7.The Court has considered the rival affidavit material and submissions made in respect of the motion. First, as a preliminary matter, it is apposite to point out that the so-called supporting affidavit sworn by counsel for the Applicants merely restates the reliefs on the face of the motion. Secondly, on the part of the Respondent rather than confine his affidavit material to the substantive issues for determination before this court opted instead to address some matters belonging to the appeal, which are not pertinent to the application at hand.
8.Moving on to the substance of the motion, the Applicants invoke the provisions of section 79G of the Civil Procedure Act (CPA) and order 42 rule 6 of the Civil Procedure Rules (CPR). The principles governing the grant of leave to appeal out of time are settled. The successful applicant must demonstrate “good and sufficient cause” for not filing the appeal in time. In Thuita Mwangi v Kenya Airways  e KLR, the Court of Appeal while considering rule 4 of the Court of Appeal Rules which was in pari materia with section 79G of the Civil Procedure Act, reiterated its decision in Mutiso v Mwangi  KLR 630 as follows:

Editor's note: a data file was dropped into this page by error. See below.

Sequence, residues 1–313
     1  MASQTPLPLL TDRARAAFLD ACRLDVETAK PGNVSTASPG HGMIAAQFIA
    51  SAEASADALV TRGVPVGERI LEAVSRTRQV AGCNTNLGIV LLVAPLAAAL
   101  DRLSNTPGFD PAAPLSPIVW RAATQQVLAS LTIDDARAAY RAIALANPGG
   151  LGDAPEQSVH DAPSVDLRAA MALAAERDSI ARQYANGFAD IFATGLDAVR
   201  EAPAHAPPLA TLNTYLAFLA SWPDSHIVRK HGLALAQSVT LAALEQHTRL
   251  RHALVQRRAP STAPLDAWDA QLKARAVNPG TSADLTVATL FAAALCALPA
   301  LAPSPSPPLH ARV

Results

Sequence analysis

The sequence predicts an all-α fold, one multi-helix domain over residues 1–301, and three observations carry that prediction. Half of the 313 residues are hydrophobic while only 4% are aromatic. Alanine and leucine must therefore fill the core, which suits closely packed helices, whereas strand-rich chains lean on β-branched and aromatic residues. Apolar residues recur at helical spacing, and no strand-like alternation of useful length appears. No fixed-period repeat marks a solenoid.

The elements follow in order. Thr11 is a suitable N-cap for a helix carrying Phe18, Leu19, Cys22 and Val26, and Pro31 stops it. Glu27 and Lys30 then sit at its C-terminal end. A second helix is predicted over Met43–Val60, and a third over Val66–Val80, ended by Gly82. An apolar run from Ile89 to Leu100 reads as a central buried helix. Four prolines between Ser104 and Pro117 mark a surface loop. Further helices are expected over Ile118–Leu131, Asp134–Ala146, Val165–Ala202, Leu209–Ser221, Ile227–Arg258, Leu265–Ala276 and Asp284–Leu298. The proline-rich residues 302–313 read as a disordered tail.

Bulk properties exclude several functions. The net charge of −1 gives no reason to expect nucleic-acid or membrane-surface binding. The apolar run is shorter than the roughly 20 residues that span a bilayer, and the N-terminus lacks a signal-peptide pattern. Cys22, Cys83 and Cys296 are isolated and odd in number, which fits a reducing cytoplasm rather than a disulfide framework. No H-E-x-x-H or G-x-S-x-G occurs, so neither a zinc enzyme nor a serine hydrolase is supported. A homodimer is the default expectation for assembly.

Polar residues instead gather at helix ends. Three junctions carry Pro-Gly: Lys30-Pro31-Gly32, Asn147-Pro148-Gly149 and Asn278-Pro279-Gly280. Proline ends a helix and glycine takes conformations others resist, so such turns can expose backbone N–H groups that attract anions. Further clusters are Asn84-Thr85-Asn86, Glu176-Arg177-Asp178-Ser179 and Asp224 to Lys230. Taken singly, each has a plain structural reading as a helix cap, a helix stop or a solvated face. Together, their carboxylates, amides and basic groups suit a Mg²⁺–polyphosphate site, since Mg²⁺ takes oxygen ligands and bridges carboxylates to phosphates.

9.While the discretion of the court is unfettered, a successful applicant is obligated to adduce material upon which the court should exercise its discretion, or in other words, the factual basis for the exercise of the court’s discretion in his favor through the affidavit material. The court’s observation is that the motion was poorly drafted and fails to summon pertinent material bringing it within the principles enunciated in the case of Thuita Mwangi (supra) . The onus was on the Applicants to swear an appropriate and fitting affidavit in support of the prayer for leave to appeal out of time rather than assume that the court will act in a vacuum. Submissions cannot be used as a substitute for affidavit evidence as attempted here. In the absence of such material the prayer for leave must fail.